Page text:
Friday’s post was #400. Who would have thought I would keep it up this long?!
In celebration, here’s an early Valentine. The Advent stars didn’t give people much lead time, so I thought posting this a month ahead would be a good idea in case you want to make some of these for Valentine’s Day.
Posted in book arts, Design, DIY, free printable, instructions, knitting, publishing
Tagged book arts, design, free printable, instructions, knitting
In late December I posted a video that involved making music with bicycle parts. Today’s flicks use bike wheels to animate images. Tim Wheatley has taken the rear wheel off a bike for his video.
Katy Beveridge (and friends) leave the wheels on the bikes.
Perhaps you will play with your own rotary entertainment this weekend. Tips on a simple method —no bikes required— can be found here.
Posted in animation
I sent off some things in the mail this week. The big job was preparing an order for the Minnesota Center for Book Arts. Some of you may remember this jar.
I wrote about Thank Your Lucky Stars on May 8, 2016. This week I filled and labelled the last of the 100 plastic pill vials I had purchased for the project. Continue reading
I only discovered the work of Keith Newstead after getting high speed internet, but I have known about Paul Spooner since the late 1980s, when my brother-in-law gave me a book by Spooner called The Zoo of Tranquility. It contained build-it-yourself paper automata, and I loved it.
Perhaps you can build your own automaton this weekend, following the instructions in this video.
The holiday season tends to throw one’s regular schedule off track (especially if one writes 25 posts in a month) but I have been trying to get things a bit closer to normal. I have been occupied this week with finishing the swap book for the Saskatchewan branch of the Canadian Bookbinders and Book Artists Guild.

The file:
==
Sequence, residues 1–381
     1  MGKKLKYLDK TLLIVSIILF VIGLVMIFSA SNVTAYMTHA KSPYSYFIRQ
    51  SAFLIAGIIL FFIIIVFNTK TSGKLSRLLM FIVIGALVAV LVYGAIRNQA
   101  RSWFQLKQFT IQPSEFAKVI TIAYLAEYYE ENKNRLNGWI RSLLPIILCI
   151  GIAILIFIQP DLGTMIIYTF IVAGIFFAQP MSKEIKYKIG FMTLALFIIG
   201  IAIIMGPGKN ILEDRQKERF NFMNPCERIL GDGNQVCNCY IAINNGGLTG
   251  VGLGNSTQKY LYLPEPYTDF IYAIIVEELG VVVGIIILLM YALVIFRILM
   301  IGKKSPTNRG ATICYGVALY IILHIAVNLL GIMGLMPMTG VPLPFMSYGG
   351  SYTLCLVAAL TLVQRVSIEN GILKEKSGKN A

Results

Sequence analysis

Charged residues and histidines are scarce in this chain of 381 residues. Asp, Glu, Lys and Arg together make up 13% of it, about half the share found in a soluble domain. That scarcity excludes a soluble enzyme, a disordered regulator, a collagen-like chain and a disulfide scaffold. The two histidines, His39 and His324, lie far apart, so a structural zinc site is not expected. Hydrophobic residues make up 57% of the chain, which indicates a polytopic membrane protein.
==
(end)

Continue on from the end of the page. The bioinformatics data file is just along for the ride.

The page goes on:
Work will not be exactly as shown in the screenshot. (I am, after all, trying to keep this a surprise.) Continue reading
Some of us miss riding our bicycles in the winter. This isn’t the same, but it is a clever alternate use of a bicycle’s parts.
May you welcome in a happy and healthy New Year this weekend.
(P.S. If the picture isn’t moving in the video, click on the Vimeo link in the bottom right corner and watch it there.)
Today’s post includes two stars that are intended for New Year’s Eve: both are tatos (traditional origami paper purse), though one is based on a triangle and the other on a hexagon.
It’s the last minute and you are resorting to giving someone cash or a gift card for Christmas. (I understand that many adolescents actually prefer a prepaid credit card as a present.) There is a star you can fold out of bills. Canada has switched to polymer currency and folding a star out of plastic banknotes is not possible. (I tried.)
The star is most often made with 5 points, but a 6-point one will hold cash or a card more easily. Continue reading
I plan to keep trying until I get it right. This one is really close.
The last time David was baking bread, I begged one loaf’s worth of dough from the batch. The dough contained both oats and barley flour so it was a little coarse for my purposes, but I thought I would try out a different star bread with it anyway. Continue reading
Although it is not a video, I thought you might enjoy this seasonally appropriate bit of musical satire.
I hope you don’t need to go shopping this weekend.